A hump on the side moraine, quite a bit further down, as we approached lake-level!

At about 4 PM the mist suddenly lifted enough for us to see clear across to the mountains in each direction, so we quickly got out of the tent, packed our stuff and was about to fold the tent, when conditions worsened again, showing us that visibility might be a very brief commodity up there on a low-pressure day. I decided, then, to leave the tent there, as it was, zipped and closed up in the wind, for two reasons. One reason was that the visibility window may have been of such a brief duration that we’d make it to the safety of the side moraine only if we rushed for it, and the other reason was that if we couldn’t make it through the area I wasn’t sure of in this weather, we’d need the tent to return to, for another night.

We went over to the edge, looking down to The Black Lake (Lake Gaskkasjávri), and saw a trail of boot prints all across the snowfields leading to the rocky part by the lake’s right (southern) side. When we stepped out on the snow, we found it perfect for getting a good grip without crampons, so we eased across the field that tilts into the icy water of the lake, and arrived at the rocky part, with a steep incline some twenty, thirty meters up to our right. The path, or rather a number of paths up the steep side were marked by cairns, and soon enough we were up on the small plateau, from where you have this wild view all across The Tarfala Valley, for the day with the cloud base (or lifted mist cover) just above us.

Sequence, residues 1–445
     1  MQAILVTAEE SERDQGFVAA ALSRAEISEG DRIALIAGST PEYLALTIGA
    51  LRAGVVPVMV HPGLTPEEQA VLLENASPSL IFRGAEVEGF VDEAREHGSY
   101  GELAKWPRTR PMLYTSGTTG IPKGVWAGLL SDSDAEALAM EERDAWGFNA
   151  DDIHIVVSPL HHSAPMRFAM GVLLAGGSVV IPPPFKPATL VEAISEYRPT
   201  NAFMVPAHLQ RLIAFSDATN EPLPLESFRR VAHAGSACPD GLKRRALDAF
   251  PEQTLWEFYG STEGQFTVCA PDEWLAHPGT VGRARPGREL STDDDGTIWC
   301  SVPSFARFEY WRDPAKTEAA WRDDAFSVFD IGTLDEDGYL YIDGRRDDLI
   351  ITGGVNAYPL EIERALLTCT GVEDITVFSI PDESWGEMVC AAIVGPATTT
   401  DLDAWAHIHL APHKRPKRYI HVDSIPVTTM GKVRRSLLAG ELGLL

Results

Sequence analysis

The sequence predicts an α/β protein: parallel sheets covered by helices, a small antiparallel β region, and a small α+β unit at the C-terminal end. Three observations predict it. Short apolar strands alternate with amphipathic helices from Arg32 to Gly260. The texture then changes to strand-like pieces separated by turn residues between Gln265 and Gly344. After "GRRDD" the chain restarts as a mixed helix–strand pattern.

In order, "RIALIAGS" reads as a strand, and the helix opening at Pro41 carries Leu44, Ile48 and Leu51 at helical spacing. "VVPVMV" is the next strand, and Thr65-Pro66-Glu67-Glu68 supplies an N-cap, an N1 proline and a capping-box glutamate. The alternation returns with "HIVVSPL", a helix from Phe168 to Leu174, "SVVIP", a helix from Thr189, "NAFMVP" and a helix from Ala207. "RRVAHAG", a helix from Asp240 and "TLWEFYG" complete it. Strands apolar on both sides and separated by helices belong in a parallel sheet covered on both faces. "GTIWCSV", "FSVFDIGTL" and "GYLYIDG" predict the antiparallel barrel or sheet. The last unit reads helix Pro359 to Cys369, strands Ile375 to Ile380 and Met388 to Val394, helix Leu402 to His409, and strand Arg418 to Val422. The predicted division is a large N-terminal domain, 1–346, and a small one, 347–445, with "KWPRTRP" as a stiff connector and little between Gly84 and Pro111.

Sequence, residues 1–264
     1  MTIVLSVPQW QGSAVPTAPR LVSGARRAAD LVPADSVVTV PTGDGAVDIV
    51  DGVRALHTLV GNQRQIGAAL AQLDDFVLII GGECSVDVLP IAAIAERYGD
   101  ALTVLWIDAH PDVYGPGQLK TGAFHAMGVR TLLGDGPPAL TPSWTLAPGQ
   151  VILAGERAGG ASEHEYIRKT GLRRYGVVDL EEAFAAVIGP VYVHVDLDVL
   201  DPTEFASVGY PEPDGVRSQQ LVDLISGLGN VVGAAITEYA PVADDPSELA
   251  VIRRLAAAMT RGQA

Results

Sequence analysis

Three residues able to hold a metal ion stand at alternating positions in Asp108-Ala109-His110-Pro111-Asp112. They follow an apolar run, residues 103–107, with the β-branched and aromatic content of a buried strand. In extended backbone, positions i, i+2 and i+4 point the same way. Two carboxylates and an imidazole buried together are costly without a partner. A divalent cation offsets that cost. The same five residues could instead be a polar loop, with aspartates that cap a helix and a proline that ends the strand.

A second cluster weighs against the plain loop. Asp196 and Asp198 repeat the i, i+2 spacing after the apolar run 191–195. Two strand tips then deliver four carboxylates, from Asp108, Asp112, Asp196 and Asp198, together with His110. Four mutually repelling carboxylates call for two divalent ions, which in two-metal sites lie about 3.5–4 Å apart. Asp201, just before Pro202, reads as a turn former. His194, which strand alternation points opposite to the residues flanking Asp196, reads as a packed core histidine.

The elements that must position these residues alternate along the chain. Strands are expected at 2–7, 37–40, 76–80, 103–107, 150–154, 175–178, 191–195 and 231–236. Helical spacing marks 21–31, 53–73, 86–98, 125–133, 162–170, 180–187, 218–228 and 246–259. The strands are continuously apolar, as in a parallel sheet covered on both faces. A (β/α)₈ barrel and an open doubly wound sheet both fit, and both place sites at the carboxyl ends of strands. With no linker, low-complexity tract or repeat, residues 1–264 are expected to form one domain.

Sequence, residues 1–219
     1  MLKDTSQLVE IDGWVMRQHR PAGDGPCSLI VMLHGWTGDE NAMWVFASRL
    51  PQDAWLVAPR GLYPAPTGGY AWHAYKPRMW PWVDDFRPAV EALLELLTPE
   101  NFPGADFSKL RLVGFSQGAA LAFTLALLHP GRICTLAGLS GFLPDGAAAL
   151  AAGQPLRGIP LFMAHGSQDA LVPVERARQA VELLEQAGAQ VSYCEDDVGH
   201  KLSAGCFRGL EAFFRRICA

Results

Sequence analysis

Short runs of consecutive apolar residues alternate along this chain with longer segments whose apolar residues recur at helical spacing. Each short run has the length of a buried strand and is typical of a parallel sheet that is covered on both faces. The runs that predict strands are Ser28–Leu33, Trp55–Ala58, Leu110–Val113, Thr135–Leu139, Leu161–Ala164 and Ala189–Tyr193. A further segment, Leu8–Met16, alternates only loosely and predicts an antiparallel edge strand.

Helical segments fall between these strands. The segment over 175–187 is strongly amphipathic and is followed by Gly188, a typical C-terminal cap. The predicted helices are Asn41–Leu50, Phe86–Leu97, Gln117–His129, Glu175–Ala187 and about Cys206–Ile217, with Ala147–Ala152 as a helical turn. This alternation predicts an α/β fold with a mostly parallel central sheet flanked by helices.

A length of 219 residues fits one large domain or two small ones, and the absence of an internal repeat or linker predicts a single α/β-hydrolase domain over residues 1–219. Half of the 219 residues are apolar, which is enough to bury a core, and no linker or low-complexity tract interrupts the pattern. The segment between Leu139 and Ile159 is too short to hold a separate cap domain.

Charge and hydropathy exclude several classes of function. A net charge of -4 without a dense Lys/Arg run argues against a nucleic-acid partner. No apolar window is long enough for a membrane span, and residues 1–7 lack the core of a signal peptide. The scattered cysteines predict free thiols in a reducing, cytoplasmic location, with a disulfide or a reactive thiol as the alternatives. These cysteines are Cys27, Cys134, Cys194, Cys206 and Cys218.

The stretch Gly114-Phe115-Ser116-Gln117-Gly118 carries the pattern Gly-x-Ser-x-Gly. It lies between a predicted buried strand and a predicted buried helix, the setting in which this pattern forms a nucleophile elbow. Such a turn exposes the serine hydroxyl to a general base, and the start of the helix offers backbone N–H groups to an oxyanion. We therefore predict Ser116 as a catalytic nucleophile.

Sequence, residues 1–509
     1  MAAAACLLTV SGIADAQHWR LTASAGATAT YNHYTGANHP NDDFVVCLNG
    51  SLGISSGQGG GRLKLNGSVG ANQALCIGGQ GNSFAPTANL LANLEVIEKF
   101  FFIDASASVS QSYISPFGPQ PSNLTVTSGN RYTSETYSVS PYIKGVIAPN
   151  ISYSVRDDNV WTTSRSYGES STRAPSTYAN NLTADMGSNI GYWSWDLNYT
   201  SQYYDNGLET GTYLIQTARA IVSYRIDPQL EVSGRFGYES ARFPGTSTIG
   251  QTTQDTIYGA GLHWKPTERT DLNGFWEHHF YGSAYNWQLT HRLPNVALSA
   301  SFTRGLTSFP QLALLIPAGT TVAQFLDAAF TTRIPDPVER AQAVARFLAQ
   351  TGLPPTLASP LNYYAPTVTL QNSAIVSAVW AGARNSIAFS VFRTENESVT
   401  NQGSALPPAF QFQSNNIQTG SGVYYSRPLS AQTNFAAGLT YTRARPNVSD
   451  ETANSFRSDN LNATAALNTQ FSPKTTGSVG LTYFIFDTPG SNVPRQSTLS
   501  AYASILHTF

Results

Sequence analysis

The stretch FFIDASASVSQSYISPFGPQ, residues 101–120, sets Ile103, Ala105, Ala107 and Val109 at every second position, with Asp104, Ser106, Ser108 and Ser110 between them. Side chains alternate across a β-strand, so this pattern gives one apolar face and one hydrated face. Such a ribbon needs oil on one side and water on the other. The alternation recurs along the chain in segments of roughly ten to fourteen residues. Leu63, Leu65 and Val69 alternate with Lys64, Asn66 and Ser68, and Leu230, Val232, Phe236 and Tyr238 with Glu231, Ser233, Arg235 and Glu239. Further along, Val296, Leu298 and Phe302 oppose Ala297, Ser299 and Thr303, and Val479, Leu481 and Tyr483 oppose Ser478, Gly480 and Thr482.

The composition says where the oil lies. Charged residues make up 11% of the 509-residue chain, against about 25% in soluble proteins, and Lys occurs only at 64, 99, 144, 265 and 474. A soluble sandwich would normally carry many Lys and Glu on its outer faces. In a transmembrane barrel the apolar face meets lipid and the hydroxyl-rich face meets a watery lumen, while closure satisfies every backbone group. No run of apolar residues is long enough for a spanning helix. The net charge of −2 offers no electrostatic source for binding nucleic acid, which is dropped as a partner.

Across the last of three snow fields before only rocks kept us from the lovely rest at Tarfala!


I felt elated by now, because I knew that even if the fog once again closed in, I’d find the way down with ease. The mist didn’t return, though, and the wind had died down good. That was important too, since the balancing act the 300 elevation meters down into The Tarfala Valley atop the huge, snaking Giebmebákti side moraine would be hazardous in high winds.

We didn’t waste any time up on the plateau, but moved briskly to the opposite side of it, the right (southern) side, where we got onto the ugly Giebmebákti Glacier, i.e. the very edge of it, which you must tread steeply about 150 meters or so down around the protruding plateau we just descended from, to get around it and onto the side moraine, which connects directly below the sharply rising side of the plateau, leading all the way down into the rocky, beautiful Tarfala Valley.
I mounted my crampons to be extra safe down the side of the glacier, and to be a steady support for Anna, would it be called for, but they weren’t really needed, since the snow was soft enough to stick your boots into and descend safely. There was just one section around a protruding cliff that was very narrow and icy, and a slip of the foot there would instantly deliver you into one of those horrible, deep crevasses in the glacier below to your right.